5. Firebricks hold heat inside fireboxes and help protect the firebox. If the stove wasn't designed with the firebrick, adding it could change how the heat moves out of the stove and could change the clearances to combustables. I can't recommend modifying the stove from how it originally was built and tested...
    6. Again, you can't use either of the flues that you described, and I eluded to clearances in question 1 answer. To more directly answer your question here,though, I would consider the other appliances combustible and give them plenty of room for future service...
  3. elkimmeg

    elkimmeg Guest

    #1 I will differ Bill d fire code requires 50 cubic feet of make up combustion air for every 1000 Btus of your applainces. Say your gas furnace is 100,000 btus,your gas hot water heater 50,000 and a stove is 50,000. You would need 10,000 cubic feet to support proper combustion with 8' ceilings, you just about make it. If you have a clothes dryer that removes 150 cfm all your appliances will suffer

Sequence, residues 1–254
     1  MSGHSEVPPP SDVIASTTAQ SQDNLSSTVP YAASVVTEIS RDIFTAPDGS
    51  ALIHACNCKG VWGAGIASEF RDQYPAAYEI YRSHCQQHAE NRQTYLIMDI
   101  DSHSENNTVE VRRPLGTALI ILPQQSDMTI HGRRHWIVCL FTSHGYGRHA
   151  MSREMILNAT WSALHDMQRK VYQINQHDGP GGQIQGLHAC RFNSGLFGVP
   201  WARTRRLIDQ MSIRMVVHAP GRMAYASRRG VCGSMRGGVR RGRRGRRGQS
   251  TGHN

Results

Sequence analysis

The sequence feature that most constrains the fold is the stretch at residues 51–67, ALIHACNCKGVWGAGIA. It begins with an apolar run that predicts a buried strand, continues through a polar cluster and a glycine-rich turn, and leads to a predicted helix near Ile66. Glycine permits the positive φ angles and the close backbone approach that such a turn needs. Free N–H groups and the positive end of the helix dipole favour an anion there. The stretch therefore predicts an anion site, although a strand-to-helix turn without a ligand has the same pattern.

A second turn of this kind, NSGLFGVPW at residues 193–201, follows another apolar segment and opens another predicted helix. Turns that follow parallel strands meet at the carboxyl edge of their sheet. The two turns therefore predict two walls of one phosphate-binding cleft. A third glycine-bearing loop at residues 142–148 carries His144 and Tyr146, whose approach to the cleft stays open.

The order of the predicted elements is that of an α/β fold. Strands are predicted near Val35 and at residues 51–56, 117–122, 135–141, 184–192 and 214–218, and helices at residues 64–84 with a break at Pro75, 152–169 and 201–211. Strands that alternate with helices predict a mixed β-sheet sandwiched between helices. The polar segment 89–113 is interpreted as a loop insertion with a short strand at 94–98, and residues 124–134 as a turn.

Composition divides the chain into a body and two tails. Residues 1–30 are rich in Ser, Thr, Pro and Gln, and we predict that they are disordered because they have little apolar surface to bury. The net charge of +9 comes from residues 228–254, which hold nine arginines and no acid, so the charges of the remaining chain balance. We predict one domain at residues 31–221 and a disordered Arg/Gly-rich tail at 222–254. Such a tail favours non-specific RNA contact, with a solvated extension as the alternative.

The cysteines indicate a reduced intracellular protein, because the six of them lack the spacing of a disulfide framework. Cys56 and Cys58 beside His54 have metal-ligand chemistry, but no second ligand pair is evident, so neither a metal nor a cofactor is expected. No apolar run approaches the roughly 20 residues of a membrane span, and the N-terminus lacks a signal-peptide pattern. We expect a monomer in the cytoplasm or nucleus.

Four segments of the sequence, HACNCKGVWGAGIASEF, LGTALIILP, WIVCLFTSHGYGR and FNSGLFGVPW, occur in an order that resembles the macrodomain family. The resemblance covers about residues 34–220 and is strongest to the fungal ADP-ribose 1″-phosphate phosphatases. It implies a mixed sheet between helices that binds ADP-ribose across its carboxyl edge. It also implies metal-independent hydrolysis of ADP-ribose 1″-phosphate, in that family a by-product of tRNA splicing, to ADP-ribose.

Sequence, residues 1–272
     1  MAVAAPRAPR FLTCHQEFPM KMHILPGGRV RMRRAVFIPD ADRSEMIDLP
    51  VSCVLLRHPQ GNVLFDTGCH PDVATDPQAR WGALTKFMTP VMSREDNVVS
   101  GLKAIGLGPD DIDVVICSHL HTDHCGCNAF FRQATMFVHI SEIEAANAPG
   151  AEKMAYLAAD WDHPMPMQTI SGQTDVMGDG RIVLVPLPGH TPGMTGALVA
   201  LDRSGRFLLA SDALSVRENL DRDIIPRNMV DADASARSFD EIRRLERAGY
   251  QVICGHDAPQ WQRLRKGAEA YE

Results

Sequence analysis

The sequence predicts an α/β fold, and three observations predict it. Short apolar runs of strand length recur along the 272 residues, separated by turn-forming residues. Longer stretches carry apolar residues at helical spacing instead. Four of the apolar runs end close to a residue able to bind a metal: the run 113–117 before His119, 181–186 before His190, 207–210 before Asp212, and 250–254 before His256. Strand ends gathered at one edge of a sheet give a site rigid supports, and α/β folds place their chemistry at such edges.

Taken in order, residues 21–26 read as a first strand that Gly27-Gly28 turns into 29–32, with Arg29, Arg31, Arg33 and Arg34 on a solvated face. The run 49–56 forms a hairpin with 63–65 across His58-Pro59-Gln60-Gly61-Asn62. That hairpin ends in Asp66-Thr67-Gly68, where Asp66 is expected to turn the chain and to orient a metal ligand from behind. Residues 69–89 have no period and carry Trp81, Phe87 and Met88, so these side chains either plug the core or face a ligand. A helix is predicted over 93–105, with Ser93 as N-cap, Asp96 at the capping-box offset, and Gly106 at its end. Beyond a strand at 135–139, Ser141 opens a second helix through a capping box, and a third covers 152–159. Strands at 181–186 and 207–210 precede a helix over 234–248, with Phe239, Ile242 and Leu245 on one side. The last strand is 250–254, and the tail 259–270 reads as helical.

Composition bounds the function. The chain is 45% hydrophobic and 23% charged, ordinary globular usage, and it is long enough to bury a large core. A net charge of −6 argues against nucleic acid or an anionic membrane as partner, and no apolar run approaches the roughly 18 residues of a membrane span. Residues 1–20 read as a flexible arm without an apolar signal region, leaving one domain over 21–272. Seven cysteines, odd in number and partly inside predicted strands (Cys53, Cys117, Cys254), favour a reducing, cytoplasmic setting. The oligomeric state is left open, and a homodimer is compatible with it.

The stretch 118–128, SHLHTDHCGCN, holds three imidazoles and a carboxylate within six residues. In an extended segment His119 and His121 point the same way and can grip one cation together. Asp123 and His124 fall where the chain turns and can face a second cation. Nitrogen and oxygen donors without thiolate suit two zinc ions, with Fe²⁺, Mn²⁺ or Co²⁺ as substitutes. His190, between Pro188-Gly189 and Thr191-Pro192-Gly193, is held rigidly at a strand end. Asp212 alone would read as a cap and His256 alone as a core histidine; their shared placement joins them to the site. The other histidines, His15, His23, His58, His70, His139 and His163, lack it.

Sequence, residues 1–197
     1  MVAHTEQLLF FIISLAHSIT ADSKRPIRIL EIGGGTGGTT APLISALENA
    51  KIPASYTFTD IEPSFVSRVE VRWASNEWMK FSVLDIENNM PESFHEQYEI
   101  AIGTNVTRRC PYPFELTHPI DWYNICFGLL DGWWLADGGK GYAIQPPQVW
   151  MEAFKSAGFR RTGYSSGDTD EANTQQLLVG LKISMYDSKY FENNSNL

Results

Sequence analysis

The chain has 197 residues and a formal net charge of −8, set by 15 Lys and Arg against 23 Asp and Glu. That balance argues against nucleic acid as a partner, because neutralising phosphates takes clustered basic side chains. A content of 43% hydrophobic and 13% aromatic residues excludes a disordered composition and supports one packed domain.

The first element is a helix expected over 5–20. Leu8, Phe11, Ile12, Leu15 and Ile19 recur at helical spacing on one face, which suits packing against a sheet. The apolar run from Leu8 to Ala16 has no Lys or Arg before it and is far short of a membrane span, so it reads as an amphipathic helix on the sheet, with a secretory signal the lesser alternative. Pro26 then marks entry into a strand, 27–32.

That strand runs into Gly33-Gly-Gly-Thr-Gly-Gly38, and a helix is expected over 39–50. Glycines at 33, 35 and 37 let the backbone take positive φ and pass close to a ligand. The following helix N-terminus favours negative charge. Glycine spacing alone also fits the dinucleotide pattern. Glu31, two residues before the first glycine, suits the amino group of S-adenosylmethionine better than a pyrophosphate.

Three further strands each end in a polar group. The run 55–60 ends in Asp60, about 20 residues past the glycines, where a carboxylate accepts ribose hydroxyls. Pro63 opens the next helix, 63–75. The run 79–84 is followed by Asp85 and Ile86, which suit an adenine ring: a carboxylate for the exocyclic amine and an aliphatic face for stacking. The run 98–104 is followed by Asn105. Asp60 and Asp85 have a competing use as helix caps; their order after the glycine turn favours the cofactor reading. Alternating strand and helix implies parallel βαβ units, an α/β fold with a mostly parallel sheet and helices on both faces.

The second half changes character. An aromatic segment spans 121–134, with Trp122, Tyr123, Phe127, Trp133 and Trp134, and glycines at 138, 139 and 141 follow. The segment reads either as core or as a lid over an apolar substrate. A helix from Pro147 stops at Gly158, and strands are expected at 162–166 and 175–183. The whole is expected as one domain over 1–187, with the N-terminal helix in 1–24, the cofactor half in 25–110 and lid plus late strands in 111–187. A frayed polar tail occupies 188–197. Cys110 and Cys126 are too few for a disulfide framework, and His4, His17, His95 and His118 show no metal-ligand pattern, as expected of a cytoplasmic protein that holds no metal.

What is the risk the dryer's demand? IT can back draft your appliances, pulling co and co/2 into your cellar and to your living space. Do you have a gas combustion dryer ? That has to be factored in its BTU combustion needs as well as its forced removal of air

    Fire d bill is right you can't have two wood burning applainces serviced by the same flue. However if you cut out a inlet thimble and run a full linerr threw the fireplace and damprer, blocking off the damper, it can be done You will have to deal with viewing the liner running threw you existing fireplace. Not the easiest task for most home owners.

    There are codes that govern location or called proximity. You can not expect fuel burning appliance to run properly when it is competing for the same combustion air in the same proximity. If you do proceed you, should have some separation distance
    Another solution that solves proximity and combustion air, bring in an outside air feed and feed you largest appliance demand, probably your burner.